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Iranian poet executed for 'waging war on God'

Death sentence carried out on ethnic Arab Hashem Shaabani, accused of being an "enemy of God" and a threat to security.

Last updated: 10 Feb 2014 10:00
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Human rights groups say Iran has executed more than 300 people since August [EPA]

An Arab-Iranian poet and human rights activist, Hashem Shaabani, has been executed for being an "enemy of God" and threatening national security, according to local human rights groups.

Shaabani and a man named Hadi Rashedi were hanged in unidentified prison on January 27, rights groups have said.

Shaabani, who spoke out against the treatment of ethnic Arabs in the province of Khuzestan, had been in prison since February or March 2011 after being arrested for being a Mohareb, or "enemy of God".

Iran marks 35th anniversary of the Islamic Revolution

Last July, the Islamic Revolutionary Tribunal found Shaabani and 13 other people guilty of "waging war on God" and spreading "corruption on earth".

The 32-year-old was the founder of Dialogue Institute and was popular for his Arabic and Persian poems. In 2012, he appeared on Iran's state-owned Press TV, where human rights groups say he was forced to confess to "separatist terrorism".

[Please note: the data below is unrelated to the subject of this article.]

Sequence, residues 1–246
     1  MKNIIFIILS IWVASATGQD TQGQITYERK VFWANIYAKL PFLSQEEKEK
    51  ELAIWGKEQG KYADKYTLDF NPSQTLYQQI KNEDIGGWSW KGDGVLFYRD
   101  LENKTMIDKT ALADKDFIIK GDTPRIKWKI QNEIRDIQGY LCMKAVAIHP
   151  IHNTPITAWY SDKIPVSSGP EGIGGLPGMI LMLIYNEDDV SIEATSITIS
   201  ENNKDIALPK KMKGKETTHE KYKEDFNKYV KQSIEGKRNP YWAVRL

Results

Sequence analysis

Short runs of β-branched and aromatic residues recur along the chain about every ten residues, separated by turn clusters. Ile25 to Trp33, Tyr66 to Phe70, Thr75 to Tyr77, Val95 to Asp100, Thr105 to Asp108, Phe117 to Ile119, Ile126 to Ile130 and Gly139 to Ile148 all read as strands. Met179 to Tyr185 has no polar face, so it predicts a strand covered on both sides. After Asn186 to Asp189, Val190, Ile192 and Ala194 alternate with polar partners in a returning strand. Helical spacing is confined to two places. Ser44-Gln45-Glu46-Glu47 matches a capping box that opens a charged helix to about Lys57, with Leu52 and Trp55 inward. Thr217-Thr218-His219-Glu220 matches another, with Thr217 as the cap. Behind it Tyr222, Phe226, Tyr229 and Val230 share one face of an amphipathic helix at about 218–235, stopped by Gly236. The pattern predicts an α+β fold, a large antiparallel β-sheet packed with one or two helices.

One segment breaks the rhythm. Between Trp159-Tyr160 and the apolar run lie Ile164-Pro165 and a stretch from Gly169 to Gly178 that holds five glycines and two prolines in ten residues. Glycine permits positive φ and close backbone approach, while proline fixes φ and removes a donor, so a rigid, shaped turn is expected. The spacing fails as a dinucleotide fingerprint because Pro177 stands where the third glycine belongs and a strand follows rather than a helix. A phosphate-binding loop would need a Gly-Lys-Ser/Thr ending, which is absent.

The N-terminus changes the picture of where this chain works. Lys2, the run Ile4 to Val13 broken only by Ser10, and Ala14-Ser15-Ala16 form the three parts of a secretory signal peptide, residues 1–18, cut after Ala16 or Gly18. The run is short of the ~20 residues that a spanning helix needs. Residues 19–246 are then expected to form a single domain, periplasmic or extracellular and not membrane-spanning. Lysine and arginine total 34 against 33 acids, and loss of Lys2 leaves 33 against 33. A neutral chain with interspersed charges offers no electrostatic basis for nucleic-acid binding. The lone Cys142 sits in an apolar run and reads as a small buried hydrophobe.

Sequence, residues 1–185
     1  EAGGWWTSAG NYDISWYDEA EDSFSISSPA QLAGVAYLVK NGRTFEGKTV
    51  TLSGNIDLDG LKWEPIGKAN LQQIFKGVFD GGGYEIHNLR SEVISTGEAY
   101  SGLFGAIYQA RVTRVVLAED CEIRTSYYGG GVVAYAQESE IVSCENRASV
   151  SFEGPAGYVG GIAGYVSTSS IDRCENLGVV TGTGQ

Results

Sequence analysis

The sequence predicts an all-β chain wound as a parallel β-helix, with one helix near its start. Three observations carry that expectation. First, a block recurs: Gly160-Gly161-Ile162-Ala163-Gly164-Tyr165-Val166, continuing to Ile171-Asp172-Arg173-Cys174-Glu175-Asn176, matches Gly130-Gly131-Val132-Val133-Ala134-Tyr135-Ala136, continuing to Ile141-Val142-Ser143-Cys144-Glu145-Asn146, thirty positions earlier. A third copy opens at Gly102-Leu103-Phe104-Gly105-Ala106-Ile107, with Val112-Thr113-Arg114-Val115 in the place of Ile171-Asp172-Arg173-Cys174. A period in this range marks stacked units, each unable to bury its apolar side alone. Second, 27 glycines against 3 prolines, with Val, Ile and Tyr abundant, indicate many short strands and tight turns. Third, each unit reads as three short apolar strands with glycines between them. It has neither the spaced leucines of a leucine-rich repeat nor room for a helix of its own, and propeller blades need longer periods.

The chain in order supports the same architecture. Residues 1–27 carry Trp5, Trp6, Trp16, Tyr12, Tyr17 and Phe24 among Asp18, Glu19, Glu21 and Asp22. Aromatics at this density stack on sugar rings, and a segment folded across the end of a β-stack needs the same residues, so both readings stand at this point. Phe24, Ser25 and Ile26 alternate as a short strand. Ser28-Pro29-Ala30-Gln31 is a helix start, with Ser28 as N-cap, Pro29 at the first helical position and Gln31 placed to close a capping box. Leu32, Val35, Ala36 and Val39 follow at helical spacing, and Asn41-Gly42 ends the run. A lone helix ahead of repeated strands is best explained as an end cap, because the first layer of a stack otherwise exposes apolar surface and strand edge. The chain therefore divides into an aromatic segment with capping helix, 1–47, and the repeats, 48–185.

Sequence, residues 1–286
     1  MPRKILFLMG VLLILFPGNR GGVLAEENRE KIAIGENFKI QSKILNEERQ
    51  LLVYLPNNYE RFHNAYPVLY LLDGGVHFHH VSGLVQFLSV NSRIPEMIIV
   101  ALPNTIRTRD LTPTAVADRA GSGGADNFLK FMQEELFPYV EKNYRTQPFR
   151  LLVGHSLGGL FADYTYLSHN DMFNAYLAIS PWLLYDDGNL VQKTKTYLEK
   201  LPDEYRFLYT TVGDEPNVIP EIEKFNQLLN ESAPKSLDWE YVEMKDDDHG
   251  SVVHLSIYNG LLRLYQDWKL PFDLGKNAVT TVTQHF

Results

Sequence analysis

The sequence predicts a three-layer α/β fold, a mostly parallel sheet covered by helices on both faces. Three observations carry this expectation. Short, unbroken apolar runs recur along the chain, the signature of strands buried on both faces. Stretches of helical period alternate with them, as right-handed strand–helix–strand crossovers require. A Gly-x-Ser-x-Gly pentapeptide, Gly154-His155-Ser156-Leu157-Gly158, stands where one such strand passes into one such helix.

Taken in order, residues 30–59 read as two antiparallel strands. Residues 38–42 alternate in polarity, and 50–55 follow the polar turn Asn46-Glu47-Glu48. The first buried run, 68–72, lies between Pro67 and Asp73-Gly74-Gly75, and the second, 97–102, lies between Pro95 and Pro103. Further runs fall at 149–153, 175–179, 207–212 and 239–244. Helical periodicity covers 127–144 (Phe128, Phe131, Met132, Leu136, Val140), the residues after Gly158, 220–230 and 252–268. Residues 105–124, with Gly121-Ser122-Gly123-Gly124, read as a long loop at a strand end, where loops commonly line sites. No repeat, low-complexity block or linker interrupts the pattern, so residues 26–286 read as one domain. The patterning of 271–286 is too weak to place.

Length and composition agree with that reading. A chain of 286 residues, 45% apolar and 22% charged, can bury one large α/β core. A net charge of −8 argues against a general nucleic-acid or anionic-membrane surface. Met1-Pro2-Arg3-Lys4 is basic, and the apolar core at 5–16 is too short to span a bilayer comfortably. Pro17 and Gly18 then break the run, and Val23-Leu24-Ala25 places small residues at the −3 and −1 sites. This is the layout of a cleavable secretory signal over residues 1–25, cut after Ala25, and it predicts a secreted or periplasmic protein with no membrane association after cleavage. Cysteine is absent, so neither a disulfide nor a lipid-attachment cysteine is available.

According to BBC Persian, officials from the Ministry of Information informed the condemned men's families that they had been hanged, and they would be subsequently informed on the location of the men's burial site.

Shaabani was moved from the area to an unspecified prison before his death, it was reported.

Iran executed 40 people over two weeks of that month, according to Amnesty International. According to the Iran Human Rights Documentation Centre (IHRDC) more than 300 people have been executed since Hasan Rouhani became president in August.

In the past, Tehran has said the death penalty was essential to maintain law and order, and that it was applied only after exhaustive judicial proceedings. Most of the executions in January were for drug related offences, according to Amnesty.

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Source:
Al Jazeera
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